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Bioenergy versus Processing: What is possible from an ethical point of view?

Dr. Roger J. Busch

Agricultural production and public perception

More than 90% of the German population have no personal relation to agriculture. Their conception of agriculture is – to a large extent – determined by aesthetic impressions and intermittent perceptions, often based on the negative example of crises (e.g. BSE, „rotten meat“, pollution of the environment). Knowledge about agriculture is not widely spread. Evidently, representatives of agricultural production had no interest to enhance the knowledge base of the public. Instead, agriculture’s public communication is predominated by romanticized photographs. The actual mechanisation is often gladly avoided (including by the industry itself) – and complex interrelations of sustainability as guiding model for further development even more so.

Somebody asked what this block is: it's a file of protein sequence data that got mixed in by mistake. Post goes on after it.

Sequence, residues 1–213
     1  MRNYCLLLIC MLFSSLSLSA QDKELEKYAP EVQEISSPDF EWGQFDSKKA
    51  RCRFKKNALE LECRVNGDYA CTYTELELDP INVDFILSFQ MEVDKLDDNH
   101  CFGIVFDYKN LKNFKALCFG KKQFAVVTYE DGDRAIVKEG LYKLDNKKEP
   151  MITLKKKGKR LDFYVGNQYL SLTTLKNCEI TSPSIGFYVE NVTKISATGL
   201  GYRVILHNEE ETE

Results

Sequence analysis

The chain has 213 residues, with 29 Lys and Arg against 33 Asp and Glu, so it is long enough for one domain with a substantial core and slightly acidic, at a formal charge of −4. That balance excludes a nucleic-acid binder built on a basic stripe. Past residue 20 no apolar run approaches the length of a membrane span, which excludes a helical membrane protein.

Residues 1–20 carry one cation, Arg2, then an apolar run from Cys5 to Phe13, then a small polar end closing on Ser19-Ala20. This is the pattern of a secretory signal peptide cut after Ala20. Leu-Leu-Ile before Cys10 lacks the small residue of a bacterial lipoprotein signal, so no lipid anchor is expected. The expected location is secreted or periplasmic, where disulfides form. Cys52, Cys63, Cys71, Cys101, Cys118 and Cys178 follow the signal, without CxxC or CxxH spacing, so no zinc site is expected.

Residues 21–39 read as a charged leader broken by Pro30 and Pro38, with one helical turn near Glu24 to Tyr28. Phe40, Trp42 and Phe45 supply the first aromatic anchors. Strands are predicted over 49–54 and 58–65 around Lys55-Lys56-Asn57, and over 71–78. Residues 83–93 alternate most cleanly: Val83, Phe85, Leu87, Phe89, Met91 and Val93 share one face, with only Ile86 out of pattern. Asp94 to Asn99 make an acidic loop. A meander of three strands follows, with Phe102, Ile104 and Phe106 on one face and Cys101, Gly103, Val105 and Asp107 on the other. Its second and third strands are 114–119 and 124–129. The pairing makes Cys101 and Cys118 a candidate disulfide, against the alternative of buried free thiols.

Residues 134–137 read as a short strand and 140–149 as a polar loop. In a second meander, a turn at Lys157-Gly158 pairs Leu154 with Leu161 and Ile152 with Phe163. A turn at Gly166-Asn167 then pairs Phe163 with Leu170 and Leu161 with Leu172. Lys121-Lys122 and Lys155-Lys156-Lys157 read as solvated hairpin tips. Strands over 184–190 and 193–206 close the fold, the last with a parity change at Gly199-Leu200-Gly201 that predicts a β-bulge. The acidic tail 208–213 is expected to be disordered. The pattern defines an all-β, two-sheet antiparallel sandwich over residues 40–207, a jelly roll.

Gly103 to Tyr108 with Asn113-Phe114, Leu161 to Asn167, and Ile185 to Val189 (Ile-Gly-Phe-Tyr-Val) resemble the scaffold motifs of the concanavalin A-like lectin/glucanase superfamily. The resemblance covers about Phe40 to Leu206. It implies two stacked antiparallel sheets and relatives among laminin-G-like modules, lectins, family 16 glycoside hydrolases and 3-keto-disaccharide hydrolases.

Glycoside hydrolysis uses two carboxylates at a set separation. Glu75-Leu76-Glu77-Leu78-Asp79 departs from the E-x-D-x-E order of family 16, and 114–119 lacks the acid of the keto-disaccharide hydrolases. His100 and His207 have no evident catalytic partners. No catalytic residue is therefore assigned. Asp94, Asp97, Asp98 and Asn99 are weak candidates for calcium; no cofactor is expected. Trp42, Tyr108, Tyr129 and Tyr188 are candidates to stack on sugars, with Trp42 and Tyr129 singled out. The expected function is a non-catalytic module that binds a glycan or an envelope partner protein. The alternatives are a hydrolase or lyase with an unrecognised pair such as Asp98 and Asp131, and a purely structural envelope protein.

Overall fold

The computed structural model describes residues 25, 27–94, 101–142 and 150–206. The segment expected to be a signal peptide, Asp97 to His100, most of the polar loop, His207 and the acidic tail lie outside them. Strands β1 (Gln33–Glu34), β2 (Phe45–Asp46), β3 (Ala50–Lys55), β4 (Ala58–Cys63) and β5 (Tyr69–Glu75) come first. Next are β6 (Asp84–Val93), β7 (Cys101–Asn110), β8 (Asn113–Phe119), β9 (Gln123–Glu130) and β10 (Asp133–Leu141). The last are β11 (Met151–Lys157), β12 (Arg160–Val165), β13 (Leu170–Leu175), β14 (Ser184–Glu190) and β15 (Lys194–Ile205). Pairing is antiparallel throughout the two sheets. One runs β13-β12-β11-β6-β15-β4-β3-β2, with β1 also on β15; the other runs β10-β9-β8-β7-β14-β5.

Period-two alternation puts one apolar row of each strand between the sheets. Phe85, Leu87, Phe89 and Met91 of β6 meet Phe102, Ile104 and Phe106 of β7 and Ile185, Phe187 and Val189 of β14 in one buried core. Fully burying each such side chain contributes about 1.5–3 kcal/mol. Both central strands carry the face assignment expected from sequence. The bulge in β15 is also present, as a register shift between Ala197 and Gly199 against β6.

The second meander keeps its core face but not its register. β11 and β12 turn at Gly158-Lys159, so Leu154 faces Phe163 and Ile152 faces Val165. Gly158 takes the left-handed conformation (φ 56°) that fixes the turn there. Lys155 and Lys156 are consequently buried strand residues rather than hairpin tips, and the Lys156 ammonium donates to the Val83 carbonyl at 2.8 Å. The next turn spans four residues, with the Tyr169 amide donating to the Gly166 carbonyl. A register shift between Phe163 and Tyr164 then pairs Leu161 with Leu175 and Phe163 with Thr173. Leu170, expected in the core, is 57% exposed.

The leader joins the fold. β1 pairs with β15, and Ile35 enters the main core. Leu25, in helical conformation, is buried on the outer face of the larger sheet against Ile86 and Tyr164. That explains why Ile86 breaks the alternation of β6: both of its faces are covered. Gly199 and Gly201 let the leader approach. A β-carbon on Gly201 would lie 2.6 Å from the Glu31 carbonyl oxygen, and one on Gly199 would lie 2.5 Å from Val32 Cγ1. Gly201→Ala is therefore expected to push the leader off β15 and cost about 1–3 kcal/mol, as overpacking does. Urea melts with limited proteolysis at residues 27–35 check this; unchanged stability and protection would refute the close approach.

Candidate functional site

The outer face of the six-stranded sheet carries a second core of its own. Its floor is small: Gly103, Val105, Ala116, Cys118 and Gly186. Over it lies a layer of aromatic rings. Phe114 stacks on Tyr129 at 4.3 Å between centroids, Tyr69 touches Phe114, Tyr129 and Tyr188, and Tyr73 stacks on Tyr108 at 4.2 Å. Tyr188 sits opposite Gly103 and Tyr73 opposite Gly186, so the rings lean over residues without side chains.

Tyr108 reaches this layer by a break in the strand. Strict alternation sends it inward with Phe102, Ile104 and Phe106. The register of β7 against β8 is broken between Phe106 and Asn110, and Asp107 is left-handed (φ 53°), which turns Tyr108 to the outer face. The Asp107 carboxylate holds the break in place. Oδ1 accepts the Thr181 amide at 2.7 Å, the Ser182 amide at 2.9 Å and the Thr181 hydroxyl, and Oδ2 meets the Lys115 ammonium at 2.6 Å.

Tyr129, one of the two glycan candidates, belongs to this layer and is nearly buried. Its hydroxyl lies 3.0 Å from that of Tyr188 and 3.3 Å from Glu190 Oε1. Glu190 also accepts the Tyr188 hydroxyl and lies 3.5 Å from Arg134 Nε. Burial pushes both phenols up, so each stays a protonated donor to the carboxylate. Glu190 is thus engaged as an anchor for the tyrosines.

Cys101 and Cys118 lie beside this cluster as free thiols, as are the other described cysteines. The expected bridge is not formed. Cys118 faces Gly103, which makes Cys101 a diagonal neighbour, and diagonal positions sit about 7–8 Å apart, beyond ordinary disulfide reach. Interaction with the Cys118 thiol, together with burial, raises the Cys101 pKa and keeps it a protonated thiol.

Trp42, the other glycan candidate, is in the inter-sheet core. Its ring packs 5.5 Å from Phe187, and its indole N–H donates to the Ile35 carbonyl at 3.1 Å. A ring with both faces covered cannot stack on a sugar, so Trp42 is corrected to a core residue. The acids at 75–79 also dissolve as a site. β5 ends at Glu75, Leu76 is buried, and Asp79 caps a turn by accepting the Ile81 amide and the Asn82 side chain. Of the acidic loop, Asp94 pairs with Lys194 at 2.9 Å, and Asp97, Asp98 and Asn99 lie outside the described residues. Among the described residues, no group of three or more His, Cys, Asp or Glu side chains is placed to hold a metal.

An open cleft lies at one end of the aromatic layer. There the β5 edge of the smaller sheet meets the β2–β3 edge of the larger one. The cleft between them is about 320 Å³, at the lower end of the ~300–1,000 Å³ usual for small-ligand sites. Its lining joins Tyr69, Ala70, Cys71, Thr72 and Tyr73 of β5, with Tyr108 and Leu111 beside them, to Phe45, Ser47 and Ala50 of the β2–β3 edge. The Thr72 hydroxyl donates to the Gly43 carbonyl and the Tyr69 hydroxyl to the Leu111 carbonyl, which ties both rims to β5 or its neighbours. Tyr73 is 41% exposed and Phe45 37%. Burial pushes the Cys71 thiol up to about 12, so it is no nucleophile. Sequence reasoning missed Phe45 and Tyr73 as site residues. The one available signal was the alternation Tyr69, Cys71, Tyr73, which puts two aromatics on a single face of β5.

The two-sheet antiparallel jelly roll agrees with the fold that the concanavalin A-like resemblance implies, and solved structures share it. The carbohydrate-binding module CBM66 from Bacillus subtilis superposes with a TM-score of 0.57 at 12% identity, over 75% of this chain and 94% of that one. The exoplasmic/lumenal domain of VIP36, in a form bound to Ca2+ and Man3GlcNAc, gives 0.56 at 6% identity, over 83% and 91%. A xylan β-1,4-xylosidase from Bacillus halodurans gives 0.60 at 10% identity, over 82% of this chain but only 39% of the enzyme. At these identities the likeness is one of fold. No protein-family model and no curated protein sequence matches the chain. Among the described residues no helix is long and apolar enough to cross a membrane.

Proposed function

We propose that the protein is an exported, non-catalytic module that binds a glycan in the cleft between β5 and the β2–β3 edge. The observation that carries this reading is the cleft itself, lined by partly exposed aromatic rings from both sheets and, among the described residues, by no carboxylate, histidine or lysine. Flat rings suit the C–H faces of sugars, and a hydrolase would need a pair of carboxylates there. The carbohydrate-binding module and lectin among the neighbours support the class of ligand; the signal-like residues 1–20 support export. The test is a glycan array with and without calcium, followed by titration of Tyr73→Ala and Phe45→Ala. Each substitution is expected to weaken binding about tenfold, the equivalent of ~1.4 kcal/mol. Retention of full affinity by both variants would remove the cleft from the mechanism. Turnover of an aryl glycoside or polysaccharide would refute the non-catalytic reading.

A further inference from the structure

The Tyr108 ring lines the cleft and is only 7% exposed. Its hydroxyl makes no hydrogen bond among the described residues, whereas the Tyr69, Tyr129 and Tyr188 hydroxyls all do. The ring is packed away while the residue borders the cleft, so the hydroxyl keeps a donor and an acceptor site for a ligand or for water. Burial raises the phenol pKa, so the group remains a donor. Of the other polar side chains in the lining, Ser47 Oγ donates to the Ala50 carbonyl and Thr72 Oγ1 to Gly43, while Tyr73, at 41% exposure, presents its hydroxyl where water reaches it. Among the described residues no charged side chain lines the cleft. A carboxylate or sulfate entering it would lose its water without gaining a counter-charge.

„The public“ adheres to a form of agriculture which doesn’t exist any more. The reluctance of agricultural industry to communicate the real complexity and mechanization of agricultural production could be understood as being „provident“ towards the public (protection from overload), but also provides the breeding ground for profound misunderstandings at the same time.


The role of ethical analysis in public communication

It seems to be necessary to reframe agriculture’s communication. Ethics might be helpful in this regard. Ethics can be perceived as systematic reflection of the differing moral concepts in a society – and of the interactions between moral concepts.

Evaluating the actions of a player, it is important to consider: What is his specific area of responsibility? For which aspects does the player carry a moral responsibility, and for which does he not (or no longer)?